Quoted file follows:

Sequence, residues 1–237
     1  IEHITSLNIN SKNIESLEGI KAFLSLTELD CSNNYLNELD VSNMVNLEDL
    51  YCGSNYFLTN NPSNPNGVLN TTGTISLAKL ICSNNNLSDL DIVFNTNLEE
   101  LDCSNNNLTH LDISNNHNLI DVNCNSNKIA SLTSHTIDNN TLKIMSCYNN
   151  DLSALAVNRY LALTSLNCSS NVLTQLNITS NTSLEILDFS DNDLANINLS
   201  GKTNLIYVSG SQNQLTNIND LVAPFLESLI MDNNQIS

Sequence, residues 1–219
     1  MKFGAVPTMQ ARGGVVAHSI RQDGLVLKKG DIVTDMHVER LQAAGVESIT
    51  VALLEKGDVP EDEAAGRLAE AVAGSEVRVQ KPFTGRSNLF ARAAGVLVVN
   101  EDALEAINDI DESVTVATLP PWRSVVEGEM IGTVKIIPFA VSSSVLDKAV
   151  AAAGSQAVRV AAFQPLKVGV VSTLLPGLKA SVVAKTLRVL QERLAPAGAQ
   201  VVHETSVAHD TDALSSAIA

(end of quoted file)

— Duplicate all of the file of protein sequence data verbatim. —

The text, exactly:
Sequence, residues 1–237
     1  IEHITSLNIN SKNIESLEGI KAFLSLTELD CSNNYLNELD VSNMVNLEDL
    51  YCGSNYFLTN NPSNPNGVLN TTGTISLAKL ICSNNNLSDL DIVFNTNLEE
   101  LDCSNNNLTH LDISNNHNLI DVNCNSNKIA SLTSHTIDNN TLKIMSCYNN
   151  DLSALAVNRY LALTSLNCSS NVLTQLNITS NTSLEILDFS DNDLANINLS
   201  GKTNLIYVSG SQNQLTNIND LVAPFLESLI MDNNQIS

Sequence, residues 1–219
     1  MKFGAVPTMQ ARGGVVAHSI RQDGLVLKKG DIVTDMHVER LQAAGVESIT
    51  VALLEKGDVP EDEAAGRLAE AVAGSEVRVQ KPFTGRSNLF ARAAGVLVVN
   101  EDALEAINDI DESVTVATLP PWRSVVEGEM IGTVKIIPFA VSSSVLDKAV
   151  AAAGSQAVRV AAFQPLKVGV VSTLLPGLKA SVVAKTLRVL QERLAPAGAQ
   201  VVHETSVAHD TDALSSAIA